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An Interview with Teun van der Heijden

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This is the third extract from an interview with Teun van der Heijden,  the designer of Stanley Greene's book, Black Passport. 

Why did you and Stanley Greene decide to do a book together?

"One day Kadir called. "He wants you, baby. You really have to work with Stanley because it's a unique opportunity." So in autumn 2005 I went to Paris. I admired Stanley. I found him fascinating in his long leather coat. By that time I had become curious about those people who photographed war. They always did their best to stand out from the photographers who dressed up smart when they were awarded a prize. I've always wondered to what extent that rock 'n roll behaviour is related to the goal of making the world a better place. Somehow I felt this was something to explore.

I went to see Stanley initially, of course, to find the hook for a special book. On the first day I discovered in a glossy Russian magazine an almost erotic picture of a girl biting a strawberry. I found it strange to find this image in between his pictures from Iraq. Stanley photographed fruits and erotica. It was amazing. All those folks I'd met, Kadir van Lohuizen, Ad van Denderen, they would never photograph a girl with a strawberry.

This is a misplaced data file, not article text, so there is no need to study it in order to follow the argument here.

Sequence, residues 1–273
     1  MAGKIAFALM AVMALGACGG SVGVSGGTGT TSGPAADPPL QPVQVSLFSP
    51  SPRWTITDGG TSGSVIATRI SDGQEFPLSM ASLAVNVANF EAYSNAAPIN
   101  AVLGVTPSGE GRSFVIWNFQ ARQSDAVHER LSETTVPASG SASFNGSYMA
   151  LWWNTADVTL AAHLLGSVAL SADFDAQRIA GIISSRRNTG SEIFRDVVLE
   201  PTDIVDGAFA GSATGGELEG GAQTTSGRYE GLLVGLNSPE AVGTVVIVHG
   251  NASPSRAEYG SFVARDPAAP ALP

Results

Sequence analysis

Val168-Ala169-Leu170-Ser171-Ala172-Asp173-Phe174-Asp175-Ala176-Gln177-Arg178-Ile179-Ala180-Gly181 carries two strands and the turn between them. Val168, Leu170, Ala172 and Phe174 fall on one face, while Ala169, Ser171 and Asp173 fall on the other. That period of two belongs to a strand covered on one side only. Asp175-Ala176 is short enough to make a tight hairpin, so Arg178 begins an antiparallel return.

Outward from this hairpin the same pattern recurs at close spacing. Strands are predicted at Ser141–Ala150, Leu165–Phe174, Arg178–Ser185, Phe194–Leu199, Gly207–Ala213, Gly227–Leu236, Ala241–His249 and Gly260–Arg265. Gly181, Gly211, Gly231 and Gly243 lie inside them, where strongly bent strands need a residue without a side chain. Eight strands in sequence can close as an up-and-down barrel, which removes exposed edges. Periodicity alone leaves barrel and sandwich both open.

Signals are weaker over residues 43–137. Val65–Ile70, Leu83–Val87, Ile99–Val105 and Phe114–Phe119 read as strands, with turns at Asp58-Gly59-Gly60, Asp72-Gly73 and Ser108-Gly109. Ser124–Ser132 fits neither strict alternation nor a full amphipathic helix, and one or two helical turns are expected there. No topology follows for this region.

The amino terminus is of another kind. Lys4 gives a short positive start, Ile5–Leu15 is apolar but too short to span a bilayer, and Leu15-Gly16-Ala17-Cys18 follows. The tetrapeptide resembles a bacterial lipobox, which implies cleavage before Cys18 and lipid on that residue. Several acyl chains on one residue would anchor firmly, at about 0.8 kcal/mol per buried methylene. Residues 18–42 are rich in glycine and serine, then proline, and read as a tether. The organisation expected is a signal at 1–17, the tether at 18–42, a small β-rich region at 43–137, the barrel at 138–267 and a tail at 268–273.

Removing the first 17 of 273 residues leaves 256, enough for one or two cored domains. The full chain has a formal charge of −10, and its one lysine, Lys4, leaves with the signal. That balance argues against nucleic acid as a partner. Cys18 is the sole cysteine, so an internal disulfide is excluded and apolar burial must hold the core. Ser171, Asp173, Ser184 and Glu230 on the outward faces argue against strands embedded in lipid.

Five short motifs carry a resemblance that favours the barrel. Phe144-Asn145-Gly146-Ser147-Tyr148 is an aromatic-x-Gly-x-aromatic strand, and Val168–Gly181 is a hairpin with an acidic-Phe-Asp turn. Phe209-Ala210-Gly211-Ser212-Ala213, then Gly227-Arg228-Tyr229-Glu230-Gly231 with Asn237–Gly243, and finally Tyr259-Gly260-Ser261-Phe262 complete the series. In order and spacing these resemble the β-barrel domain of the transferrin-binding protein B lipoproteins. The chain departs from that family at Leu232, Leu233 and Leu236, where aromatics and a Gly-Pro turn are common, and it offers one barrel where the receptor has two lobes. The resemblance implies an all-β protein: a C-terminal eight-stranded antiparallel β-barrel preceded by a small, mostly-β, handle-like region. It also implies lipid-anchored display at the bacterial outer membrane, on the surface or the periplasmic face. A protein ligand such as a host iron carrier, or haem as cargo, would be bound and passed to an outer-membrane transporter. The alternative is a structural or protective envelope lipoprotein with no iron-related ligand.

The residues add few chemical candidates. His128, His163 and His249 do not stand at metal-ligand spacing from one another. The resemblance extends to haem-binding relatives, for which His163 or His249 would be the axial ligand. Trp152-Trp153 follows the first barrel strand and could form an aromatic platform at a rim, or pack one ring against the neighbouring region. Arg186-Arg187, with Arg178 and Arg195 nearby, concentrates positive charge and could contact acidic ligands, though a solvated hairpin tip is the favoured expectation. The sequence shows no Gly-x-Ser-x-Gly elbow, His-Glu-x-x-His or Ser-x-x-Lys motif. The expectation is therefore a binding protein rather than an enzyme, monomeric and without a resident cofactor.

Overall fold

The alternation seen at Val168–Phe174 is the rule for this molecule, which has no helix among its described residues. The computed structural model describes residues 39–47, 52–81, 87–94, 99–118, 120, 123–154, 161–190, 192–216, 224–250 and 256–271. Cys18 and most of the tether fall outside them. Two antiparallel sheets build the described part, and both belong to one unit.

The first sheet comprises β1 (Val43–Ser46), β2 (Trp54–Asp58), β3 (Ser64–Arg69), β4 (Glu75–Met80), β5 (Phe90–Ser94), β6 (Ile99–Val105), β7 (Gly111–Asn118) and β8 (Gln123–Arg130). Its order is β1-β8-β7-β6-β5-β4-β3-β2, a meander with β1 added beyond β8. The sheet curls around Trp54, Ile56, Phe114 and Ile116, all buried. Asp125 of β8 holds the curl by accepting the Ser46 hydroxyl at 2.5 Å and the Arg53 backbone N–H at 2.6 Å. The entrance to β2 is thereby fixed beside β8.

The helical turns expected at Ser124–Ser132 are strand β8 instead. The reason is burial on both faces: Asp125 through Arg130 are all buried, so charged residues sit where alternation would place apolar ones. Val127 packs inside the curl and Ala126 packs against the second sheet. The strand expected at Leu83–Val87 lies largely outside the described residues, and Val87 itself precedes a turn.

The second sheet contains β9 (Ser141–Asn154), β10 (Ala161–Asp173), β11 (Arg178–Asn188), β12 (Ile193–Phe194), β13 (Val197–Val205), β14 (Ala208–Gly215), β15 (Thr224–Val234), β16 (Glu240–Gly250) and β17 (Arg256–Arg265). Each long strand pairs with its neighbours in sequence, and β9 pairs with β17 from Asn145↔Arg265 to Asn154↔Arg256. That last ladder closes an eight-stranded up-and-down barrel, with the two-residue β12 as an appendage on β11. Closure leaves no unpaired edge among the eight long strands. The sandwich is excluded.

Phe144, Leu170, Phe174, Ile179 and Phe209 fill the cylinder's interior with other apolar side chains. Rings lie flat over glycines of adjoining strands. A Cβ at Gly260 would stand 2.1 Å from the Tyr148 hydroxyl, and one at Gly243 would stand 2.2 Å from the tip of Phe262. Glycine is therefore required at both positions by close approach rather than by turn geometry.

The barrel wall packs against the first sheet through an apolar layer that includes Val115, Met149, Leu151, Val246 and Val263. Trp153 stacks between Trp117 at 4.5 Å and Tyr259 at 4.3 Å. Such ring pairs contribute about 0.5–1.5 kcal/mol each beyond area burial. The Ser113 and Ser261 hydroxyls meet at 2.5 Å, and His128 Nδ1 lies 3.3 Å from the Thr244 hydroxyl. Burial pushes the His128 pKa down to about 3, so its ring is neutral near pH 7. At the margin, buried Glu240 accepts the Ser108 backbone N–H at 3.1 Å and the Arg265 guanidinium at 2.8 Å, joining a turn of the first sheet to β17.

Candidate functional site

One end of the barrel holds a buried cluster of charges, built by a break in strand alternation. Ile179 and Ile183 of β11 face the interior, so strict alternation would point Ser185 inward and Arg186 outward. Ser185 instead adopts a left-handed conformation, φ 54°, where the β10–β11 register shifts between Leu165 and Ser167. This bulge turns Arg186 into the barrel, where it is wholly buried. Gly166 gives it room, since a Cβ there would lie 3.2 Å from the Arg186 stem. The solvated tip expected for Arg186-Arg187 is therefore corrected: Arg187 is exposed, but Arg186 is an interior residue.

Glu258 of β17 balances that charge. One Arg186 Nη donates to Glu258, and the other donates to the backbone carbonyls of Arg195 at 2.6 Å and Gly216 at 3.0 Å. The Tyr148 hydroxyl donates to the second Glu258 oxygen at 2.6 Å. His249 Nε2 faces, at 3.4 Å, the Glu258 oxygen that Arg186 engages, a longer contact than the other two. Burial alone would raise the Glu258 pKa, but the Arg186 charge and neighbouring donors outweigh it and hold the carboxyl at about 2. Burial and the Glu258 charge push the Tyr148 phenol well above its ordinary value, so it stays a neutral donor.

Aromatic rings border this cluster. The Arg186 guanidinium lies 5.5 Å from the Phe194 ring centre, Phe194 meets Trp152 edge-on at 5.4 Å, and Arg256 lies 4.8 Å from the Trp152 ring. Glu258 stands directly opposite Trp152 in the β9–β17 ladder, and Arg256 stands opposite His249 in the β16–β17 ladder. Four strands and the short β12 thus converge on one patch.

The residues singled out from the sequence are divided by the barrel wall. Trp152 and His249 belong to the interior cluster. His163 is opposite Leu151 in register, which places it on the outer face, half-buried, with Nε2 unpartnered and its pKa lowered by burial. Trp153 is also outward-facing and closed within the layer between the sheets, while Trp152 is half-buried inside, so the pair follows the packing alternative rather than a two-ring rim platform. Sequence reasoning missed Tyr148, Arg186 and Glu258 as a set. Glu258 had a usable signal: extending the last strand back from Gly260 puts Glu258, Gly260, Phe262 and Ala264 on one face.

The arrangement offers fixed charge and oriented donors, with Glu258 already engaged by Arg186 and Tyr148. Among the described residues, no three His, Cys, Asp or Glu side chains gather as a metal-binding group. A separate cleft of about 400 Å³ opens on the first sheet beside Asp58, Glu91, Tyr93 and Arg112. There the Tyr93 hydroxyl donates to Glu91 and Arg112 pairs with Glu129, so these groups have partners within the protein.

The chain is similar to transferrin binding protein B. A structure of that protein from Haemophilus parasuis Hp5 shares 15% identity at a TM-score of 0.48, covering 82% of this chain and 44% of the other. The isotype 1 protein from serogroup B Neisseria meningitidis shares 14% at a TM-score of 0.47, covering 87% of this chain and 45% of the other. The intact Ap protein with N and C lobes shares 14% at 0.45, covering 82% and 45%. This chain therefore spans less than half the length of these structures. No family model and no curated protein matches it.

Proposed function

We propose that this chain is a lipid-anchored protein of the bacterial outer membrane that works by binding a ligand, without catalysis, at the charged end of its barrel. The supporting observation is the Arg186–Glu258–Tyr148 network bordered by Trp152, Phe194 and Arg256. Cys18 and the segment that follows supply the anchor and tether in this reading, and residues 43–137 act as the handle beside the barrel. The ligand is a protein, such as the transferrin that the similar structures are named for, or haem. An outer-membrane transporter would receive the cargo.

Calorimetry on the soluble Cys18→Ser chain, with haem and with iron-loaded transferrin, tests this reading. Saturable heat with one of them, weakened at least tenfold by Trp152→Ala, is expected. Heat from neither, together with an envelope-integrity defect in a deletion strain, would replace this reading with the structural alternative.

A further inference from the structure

I mentioned it to him and Stanley said, "You know, I've been a fashion photographer". Then he opened all of his boxes. He showed me the first book he had made. I saw photos that were artistic and stylish and really different from what I had seen until then. Before then, to me Stanley was a war photographer, but now I saw there was another layer. In the evening we went to eat. Stanley was talking  and I was pretty quiet. At one point he interrupted his monologue and asked why I was so quiet. I told him I was thinking how interesting it could be to mix war with all those girlfriends.

I made a small dummy. Stanley still has it, a thin notebook that unfortunately I did not get back. We found that it worked well. Then a half year later I made an extensive dummy. It had to be a visual biography of which I was the director. Not to put myself into the picture but because I was more neutral than Stanley himself."

Did you study books that could help you with the visual biography concept?

"No, but from then on I started to learn more. I read DelCorso's Gallery, a fictional story about a war photographer, by Philip Caputo. It very much influenced the way I've used text. The conversations Stanley and I had about movies was also inspiring. Stanley is a huge film fan. We often talked about our mutual love for Tarantino movies. For me it is always the soundtrack which makes a Tarantino movie, but Stanley is into the dialogues. I downloaded the script for Pulp Fiction, those dry exchanges contain so many images and emotions. I wanted the text in the book to be that way, short monologues, easy to read."

Kim Knoppers 

The final part of this interview will follow tomorrow.

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